Pharmacokinetics of oral doxycycline and concentrations in body fluids and bronchoalveolar cells of foals

Authors


Dr Steeve Giguère, Department of Large Animal Clinical Sciences, College of Veterinary Medicine, University of Florida, PO Box 100136, 2015 S.W. 16th Ave., Gainesville, FL 32610, USA. E-mail: gigueres@mail.vetmed.ufl.edu

Abstract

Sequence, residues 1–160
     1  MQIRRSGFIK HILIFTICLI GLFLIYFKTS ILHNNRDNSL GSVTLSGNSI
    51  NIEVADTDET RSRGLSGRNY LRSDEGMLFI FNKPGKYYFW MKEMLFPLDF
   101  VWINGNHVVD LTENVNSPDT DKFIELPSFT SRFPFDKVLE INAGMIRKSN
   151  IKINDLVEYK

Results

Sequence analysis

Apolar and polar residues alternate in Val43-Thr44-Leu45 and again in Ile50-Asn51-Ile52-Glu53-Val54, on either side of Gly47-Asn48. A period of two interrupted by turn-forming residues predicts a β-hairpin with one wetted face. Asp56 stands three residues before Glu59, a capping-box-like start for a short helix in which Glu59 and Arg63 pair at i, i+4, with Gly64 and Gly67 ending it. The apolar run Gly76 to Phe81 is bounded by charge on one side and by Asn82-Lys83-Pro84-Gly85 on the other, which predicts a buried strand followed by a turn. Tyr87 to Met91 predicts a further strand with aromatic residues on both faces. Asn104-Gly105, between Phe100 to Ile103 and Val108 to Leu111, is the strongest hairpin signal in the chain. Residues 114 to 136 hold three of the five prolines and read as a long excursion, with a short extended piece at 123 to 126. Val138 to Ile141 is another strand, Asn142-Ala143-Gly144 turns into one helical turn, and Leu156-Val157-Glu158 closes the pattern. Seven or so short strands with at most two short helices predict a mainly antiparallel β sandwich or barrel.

The objective of this study was to determine the disposition of orally administered doxycycline in foals. Six healthy 4- to 8-week-old foals were used. Doxycycline was administered to each foal via the intragastric (IG) route at dosages of 10 and 20 mg/kg, in a cross-over design. After the first 10 mg/kg dose, five additional doses were administered at 12-h intervals. A microbiological assay was used to measure doxycycline activity in serum, urine, peritoneal fluid, synovial fluid, cerebrospinal (CSF), pulmonary epithelial lining fluid (PELF), and bronchoalveolar (BAL) cells. Following administration at 10 mg/kg, mean ± SD time to peak serum doxycycline activity (tmax) was 3.0 ± 1.2 h, maximum serum activity (Cmax) was 2.54 ± 0.27 μg/mL, and terminal half-life (t1/2) was 8.5 ± 2.8 h. Administration at a dose of 20 mg/kg resulted in a significantly longer tmax (5.5 ± 1.8 h) as well as a tendency toward higher Cmax (2.89 ± 0.33 μg/mL) and longer t1/2 (11.9 ± 2.6 h). After multiple IG doses, doxycycline activity in CSF was significantly lower than concurrent serum activity, whereas peritoneal fluid, synovial fluid, and BAL cell doxycycline activity was similar to concurrent serum activity. Doxycycline activity in urine and PELF was significantly higher than that found at other sites. Oral administration at a dosage of 10 mg/kg every 12 h would maintain serum, PELF, and BAL cell activity above the minimum inhibitory concentrations of Rhodococcus equi, β-hemolytic streptococci, and other susceptible bacterial pathogens for the entire dosing interval.

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